The movie “Scary Stories to Tell in the Dark” is based on the three volumes of the same title by author Alvin Schwartz. The poster outside the cinema wishes to remind us all these were banned books in the US.
A lot of good that banning did.
Remember the uproar back in 2003 about Dan Brown’s Da Vinci Code shaking up our country’s Catholic sensibilities? That book probably flew off the shelves faster thanks to the daily discussion and free publicity.
I digress. Despite Scary Stories being a book for young adults, the stories were macabre, violent and disgusting and there was no redeeming value. The evil often happened randomly and good did not necessarily triumph over evil. What gave it stories extra creep factor were the black and white sketches by artist Stephen Gammell. You could definitely see how they induce nightmares of gnarly, almost corpse like figures for instance.
The three volumes were released between 1981 and 1991, so definitely the film version has this “Stranger Things” and “It” vibe involving kids and having that nostalgia factor.
Instead of setting Scary Stories in the ‘80s when the books came out, it’s set in 1968 in Mill Valley, Pennsylvania (it’s the movie’s version of Hawkins, Indiana and Derry, Maine). The movie is set in the fall, when recruitment is going on for the Vietnam War and Richard Nixon is about to be proclaimed President of the United States.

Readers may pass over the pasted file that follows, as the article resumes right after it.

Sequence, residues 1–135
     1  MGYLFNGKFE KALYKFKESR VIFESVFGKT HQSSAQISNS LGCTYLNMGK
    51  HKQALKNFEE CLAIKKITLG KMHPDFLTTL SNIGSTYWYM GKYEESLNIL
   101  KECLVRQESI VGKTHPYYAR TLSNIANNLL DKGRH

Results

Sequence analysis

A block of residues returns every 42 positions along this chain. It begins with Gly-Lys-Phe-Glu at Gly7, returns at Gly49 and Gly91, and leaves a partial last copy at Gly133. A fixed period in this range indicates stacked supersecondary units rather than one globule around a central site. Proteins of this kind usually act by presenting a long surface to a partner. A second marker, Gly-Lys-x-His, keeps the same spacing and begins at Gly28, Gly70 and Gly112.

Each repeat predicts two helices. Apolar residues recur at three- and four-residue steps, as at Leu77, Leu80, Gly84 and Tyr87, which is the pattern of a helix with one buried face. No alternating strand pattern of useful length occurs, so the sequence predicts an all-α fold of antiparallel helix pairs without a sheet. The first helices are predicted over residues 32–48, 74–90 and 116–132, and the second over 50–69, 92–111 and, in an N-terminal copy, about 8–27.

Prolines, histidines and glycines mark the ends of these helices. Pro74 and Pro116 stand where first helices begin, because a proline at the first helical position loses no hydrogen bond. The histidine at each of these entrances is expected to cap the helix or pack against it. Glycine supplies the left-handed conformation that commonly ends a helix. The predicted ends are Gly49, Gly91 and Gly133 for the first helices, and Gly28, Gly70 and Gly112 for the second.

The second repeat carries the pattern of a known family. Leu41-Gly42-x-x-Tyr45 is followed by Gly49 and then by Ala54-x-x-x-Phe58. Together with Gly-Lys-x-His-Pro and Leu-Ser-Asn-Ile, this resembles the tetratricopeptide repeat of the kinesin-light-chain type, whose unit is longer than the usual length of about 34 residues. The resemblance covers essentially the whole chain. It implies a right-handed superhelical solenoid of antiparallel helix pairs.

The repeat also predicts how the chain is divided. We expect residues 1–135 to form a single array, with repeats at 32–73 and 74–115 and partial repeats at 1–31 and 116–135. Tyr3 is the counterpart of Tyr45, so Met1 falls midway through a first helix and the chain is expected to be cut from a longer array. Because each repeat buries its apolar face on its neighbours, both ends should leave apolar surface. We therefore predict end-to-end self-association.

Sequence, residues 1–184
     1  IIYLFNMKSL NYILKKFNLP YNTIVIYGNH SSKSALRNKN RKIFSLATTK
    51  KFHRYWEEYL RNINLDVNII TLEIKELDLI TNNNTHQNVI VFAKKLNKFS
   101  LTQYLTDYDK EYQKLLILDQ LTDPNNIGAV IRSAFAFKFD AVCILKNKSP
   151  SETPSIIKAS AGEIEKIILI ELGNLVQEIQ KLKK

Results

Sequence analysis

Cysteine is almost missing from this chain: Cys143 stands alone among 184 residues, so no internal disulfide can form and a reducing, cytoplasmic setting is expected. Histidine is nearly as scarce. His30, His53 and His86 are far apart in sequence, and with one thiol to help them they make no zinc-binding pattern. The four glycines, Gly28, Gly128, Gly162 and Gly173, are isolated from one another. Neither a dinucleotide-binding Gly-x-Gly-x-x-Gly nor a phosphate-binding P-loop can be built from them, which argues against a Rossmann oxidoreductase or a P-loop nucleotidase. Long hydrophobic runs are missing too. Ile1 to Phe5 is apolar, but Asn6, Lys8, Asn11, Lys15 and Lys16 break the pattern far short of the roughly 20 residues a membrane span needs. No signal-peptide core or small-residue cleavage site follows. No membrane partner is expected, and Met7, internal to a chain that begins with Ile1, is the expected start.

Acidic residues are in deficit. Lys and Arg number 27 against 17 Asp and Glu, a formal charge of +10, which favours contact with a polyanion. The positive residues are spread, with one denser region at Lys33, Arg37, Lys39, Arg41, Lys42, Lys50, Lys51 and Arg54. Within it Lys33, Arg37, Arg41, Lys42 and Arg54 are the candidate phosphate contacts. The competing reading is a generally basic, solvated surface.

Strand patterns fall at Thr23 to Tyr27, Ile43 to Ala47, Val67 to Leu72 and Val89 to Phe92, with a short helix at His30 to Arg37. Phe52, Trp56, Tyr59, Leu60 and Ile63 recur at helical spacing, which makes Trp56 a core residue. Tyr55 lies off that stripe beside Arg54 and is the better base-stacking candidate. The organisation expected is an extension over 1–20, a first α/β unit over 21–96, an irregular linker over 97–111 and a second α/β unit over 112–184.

Friends Stella, Augie and Chuck are planning a prank on some bullies who are out to steal their Halloween candy. Things go awry and the kids end up spending a good chunk of the night at a haunted house with their new accomplice Ramon. In the haunted house, they find the book of town spook Sarah Bellows. Her stories come to life with animated dark red ink.
These are some of the unforgettable short pieces featured from Schwartz’s collection: “Harold,” “The Big Toe,” “The Red Spot,” “The Pale Lady,” “Me Tie Dough-ty Walker” and “The Haunted House.”
“Scary Stories to Tell in the Dark” has the stuff of creepy children’s nightmares, but it remains horror-lite. There were other nightmares at the time (1968) like the kids being sent to their deaths and dismemberment in Vietnam (an idea which is not at all part of the book).
Guillermo del Toro is the producer for this film as well as man behind the “screenstory.” André Ovredal directs. Also watch out for Donovan’s original and Lana del Rey’s dreamy versions of the 1966 classic, “Season of the Witch.”